The lawmakers said IDs are needed to ensure honest elections; critics say it would disenfranchise some people.
House and Senate Republicans on Monday announced a renewed push for legislation that would require all Minnesota voters to have a photo ID before casting a ballot.
The bill's chief House sponsor, Rep. Tom Emmer, R-Delano, called the issue a "matter of integrity in our elections."
"This is not a partisan issue," he said at a State Capitol news conference, flanked by supporters with signs reading "Don't trash my vote" and "Restore trust." Emmer added that if someone needs an ID for everyday activities, voting shouldn't be any different.
But critics say the bill would only put up more hurdles for voters and increase the chances of disenfranchisement. They say that instances of voter fraud are virtually nonexistent and that legislation requiring a voter ID is unnecessary.
The bill would provide free voting-only ID cards for those who need them and a process for casting provisional ballots if a voter couldn't provide a photo ID on Election Day.
Republicans likened the measure to Indiana's voter ID law, which the U.S. Supreme Court upheld last April in a 6-3 ruling.
Unnecessary added burden?
Constitutional or not, Rep. Phyllis Kahn said she's opposed to requiring a voter to show a photo ID. She called it an "added burden" that's unnecessary, especially without evidence of fraud. "It's one of these things that's a solution searching for a problem," said Kahn, DFL-Minneapolis.
However, Rep. Mary Kiffmeyer, R-Big Lake, said the legislation could help stave off problems like voter fraud before they ever reach final vote tallies or before the first instance of fraud is reported.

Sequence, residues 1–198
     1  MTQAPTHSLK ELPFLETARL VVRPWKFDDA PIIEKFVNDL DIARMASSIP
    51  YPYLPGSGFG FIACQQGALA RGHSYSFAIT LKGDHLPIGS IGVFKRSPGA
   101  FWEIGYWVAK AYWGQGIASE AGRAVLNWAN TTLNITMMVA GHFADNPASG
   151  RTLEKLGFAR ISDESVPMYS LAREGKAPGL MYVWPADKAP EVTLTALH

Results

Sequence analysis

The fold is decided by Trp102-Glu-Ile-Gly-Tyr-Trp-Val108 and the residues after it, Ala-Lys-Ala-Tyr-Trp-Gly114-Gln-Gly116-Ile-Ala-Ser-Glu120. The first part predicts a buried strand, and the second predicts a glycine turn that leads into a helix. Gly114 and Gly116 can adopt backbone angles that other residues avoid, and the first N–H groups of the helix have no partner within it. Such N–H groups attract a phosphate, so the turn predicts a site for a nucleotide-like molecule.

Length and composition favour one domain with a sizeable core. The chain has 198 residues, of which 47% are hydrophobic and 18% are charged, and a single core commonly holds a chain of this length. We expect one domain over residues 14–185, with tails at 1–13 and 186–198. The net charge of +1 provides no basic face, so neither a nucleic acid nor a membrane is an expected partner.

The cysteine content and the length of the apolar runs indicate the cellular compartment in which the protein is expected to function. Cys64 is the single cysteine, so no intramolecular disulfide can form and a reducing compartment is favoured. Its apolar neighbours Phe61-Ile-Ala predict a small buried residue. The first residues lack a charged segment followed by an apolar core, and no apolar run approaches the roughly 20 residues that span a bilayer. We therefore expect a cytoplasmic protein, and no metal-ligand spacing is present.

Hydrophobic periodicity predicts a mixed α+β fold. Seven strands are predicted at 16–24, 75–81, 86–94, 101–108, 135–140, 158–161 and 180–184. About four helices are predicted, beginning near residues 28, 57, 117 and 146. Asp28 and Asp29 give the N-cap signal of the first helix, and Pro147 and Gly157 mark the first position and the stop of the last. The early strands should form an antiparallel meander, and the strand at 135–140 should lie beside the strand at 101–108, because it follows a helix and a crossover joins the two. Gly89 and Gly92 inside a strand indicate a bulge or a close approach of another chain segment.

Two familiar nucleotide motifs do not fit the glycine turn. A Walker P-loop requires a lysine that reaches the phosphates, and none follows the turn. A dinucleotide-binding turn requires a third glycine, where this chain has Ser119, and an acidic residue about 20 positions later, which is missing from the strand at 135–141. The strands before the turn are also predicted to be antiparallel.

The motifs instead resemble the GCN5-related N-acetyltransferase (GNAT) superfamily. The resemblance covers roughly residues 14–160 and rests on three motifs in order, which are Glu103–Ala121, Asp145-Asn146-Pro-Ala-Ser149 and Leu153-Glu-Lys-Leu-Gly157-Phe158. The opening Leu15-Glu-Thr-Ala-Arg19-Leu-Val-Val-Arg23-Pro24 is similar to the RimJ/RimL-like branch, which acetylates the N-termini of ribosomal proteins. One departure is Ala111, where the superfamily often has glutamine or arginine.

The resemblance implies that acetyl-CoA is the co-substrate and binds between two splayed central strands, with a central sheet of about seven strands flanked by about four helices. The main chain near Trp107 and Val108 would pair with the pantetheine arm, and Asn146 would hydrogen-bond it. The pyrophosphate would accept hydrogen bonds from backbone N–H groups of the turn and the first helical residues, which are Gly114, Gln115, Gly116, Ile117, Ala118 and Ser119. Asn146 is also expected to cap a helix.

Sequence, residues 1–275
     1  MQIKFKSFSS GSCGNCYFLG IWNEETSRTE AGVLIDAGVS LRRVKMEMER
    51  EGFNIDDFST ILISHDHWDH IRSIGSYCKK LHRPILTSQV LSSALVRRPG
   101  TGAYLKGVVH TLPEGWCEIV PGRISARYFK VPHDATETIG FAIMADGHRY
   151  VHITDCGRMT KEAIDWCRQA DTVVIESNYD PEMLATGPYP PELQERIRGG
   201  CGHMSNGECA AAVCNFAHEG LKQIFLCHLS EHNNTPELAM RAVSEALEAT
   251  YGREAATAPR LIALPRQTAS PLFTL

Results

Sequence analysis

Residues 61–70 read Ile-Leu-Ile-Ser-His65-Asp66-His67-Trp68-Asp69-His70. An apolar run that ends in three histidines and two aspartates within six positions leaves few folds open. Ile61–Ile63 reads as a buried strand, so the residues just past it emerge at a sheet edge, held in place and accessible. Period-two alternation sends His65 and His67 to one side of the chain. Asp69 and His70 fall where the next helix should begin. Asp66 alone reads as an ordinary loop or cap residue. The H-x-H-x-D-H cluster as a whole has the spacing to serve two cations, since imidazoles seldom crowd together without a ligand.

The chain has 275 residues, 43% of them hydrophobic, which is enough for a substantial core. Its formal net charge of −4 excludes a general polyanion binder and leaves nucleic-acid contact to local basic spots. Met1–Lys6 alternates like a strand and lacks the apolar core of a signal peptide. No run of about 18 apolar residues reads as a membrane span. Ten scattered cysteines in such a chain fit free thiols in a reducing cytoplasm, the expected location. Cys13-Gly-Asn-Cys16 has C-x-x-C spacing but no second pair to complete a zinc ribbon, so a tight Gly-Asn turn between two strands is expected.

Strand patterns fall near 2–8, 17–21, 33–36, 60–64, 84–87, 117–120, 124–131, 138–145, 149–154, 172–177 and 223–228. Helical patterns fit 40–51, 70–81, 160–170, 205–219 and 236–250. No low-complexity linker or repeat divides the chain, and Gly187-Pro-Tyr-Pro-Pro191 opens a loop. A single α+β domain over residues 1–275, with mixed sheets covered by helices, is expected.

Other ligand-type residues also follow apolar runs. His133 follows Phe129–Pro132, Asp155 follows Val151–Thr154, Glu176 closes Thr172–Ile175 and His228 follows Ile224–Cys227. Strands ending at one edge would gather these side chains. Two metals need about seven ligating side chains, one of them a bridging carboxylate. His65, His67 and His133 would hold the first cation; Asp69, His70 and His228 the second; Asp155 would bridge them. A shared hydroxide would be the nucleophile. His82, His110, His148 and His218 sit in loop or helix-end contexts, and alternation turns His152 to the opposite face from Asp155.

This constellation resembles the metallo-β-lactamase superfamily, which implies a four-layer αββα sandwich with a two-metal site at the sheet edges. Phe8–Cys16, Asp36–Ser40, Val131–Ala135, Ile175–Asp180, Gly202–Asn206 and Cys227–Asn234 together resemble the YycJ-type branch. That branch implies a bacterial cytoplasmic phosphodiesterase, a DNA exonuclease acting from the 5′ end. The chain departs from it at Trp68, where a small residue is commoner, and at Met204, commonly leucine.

Minnesota is more vulnerable to election problems without this legislation, added Kiffmeyer, a former secretary of state.
"Let's make the whole process work," she said. "We owe the people of this state to address these problems up front."
In another proposal, Sen. Mike Jungbauer said Monday he'll offer legislation under which statewide recounts would be done by machine with a possibility for a runoff election. Jungbauer, R-East Bethel, said the legislation would address some of the issues that have come up in the Senate race between Republican Norm Coleman and DFLer Al Franken.
Machines would do recount
Instead of a close statewide race triggering an automatic hand recount, ballots would be counted again using the optical scan machines. If the recount overturned the results from Election Day and the difference between the vote totals was less than one-half of 1 percent, then a runoff election would be held.
Jungbauer says his bill would also make sure only the votes cast and counted on Election Day would be part of the recount.
The Associated Press contributed to this report. Jake Grovum is a University of Minnesota student on assignment for the Star Tribune.
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